Changes in gut, liver may contribute to Alzheimer’s disease susceptibility
NIEHS-funded researchers determined how changes in the gut and liver may contribute to cadmium-induced Alzheimer’s disease (AD). They previously showed that male mice with a genetic variant called apolipoprotein E4 (ApoE4), a known risk factor for AD, were most susceptible to the disease following cadmium exposure. Here, they shed light on how cadmium and ApoE4 alter the gut and liver in ways that may promote AD.
The study included one group of mice genetically altered to have the human ApoE4 gene and another group with the more common human ApoE3 gene variant, which is not implicated in AD. For 14 weeks, the researchers exposed mice to cadmium in drinking water. Then they used genetic sequencing to characterize changes in the gut microbiome and quantified changes in serum metabolite levels and gene expression in the liver.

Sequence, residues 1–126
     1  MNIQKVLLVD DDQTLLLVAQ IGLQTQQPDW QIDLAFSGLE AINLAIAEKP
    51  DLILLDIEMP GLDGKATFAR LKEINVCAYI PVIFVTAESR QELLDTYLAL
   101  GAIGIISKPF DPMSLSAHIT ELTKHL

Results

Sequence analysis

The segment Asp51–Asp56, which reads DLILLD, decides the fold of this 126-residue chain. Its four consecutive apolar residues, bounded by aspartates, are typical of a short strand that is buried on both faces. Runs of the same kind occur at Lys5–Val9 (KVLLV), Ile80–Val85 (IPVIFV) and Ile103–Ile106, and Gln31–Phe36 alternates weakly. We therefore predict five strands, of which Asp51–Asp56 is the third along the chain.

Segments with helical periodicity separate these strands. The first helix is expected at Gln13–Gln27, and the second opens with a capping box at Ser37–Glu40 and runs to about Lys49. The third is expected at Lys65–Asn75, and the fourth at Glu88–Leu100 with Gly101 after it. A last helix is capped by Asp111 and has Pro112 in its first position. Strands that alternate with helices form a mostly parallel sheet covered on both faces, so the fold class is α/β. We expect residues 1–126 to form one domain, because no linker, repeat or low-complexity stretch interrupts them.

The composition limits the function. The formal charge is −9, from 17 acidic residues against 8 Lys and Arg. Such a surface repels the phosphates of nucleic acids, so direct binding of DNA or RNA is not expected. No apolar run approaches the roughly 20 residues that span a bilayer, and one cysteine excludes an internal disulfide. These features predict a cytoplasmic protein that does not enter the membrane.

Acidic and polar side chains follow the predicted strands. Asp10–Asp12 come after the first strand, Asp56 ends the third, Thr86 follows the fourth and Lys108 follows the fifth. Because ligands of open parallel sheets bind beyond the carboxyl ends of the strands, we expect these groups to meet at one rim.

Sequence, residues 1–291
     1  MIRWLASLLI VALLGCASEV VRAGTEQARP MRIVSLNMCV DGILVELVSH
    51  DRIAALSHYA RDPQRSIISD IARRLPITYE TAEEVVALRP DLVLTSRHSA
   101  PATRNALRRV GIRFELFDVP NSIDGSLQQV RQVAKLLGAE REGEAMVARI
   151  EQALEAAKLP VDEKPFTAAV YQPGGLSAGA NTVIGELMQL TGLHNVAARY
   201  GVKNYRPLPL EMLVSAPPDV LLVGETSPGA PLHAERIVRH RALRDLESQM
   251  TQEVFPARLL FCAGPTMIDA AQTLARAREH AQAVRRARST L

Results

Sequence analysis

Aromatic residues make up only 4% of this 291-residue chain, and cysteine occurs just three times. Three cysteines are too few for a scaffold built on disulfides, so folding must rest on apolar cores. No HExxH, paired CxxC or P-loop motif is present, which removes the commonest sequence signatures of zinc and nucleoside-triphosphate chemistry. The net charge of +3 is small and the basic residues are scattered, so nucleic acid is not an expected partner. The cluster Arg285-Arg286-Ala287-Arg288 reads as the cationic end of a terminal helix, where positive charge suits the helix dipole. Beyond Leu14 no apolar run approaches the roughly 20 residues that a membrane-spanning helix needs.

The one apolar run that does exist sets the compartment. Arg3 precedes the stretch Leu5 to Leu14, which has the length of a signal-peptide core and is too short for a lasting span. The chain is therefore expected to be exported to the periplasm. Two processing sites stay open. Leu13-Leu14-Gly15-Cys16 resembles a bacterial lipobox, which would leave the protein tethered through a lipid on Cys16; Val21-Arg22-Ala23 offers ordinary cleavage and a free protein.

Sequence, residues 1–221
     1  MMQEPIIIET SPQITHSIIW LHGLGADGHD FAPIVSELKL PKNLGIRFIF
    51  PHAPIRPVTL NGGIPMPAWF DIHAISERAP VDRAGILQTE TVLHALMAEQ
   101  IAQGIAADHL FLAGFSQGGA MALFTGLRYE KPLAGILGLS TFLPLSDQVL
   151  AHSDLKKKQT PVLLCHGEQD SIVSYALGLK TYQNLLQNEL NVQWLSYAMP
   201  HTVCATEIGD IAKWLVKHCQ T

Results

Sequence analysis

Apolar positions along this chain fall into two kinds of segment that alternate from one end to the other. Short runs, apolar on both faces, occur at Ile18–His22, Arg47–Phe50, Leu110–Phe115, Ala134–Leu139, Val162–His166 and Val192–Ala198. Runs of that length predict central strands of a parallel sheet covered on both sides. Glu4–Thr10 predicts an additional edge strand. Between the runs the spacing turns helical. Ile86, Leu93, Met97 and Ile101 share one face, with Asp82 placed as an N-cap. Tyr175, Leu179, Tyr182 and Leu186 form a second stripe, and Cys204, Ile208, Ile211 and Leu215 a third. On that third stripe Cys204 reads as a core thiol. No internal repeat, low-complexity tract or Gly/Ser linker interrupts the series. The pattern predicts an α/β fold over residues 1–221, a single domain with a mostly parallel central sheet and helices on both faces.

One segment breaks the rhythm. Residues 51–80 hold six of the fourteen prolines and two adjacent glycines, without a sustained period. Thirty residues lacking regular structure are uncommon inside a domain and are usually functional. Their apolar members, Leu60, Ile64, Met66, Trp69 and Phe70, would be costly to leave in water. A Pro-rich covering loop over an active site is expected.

ApoE4 males exposed to cadmium had the most prominent changes in the gut microbiome, serum metabolites, and gene expression in the liver. Specifically, they had an increase in gut microbial species common in patients with AD. They also had lower lactate-producing bacteria and decreased serum lactate, a molecule essential for neuron function. These animals also showed a positive correlation between inflammation genes in the liver and pro-inflammatory bacteria in the gut.
Study results suggested that cadmium induced changes in the gut and liver of mice most susceptible to AD, notably males with the ApoE4 genetic risk factor. According to the authors, these gut-liver changes may contribute to differences in susceptibility to cadmium-induced AD.
Citation: Zhang A, Matsushita M, Zhang L, Wang H, Shi X, Gu H, Xia Z, Cui JY. 2021. Cadmium exposure modulates the gut-liver axis in an Alzheimer's disease mouse model. Commun Biol 4(1):1398.